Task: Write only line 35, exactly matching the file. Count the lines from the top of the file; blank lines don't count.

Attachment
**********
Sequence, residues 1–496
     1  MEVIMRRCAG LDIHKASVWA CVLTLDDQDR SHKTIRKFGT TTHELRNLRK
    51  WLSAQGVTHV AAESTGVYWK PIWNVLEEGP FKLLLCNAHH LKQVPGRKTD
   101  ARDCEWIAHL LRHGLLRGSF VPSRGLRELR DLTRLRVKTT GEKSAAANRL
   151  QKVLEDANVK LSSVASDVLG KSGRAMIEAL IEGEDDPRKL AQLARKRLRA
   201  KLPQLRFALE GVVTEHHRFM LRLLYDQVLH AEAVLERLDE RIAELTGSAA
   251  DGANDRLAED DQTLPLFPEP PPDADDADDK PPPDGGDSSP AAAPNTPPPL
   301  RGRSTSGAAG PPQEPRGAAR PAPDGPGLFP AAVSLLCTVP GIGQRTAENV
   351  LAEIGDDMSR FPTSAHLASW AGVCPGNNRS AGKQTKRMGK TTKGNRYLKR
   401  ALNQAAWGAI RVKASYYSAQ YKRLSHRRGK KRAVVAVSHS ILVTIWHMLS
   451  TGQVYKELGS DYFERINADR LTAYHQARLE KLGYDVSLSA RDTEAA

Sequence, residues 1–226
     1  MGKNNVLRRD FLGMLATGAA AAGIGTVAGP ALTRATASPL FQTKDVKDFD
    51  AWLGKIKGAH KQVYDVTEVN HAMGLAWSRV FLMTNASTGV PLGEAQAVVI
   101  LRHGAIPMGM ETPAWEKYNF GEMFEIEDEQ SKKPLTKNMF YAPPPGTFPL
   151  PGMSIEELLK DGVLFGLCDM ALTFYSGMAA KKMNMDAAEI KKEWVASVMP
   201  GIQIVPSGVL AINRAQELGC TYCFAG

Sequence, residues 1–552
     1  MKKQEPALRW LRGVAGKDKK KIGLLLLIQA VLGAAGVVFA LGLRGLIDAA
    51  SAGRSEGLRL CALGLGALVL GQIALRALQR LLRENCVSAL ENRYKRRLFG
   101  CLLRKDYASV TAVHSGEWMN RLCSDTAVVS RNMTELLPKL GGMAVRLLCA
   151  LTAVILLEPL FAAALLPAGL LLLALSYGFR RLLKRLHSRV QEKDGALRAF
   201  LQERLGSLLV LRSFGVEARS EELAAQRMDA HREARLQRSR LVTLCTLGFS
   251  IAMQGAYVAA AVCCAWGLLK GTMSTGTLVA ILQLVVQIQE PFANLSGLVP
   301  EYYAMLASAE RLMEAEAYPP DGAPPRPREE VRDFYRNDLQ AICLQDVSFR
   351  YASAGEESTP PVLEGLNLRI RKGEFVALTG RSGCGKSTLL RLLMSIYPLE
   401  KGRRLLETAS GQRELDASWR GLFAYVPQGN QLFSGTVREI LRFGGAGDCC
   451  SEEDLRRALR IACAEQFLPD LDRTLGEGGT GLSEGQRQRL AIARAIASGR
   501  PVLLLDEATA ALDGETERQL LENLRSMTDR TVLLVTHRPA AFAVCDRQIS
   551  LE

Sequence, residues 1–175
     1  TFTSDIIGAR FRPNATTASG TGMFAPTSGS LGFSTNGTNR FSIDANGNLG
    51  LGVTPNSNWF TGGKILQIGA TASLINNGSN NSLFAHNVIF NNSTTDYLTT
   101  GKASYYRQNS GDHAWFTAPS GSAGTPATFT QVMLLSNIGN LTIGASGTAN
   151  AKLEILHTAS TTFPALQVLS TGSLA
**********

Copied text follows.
   151  AKLEILHTAS TTFPALQVLS TGSLA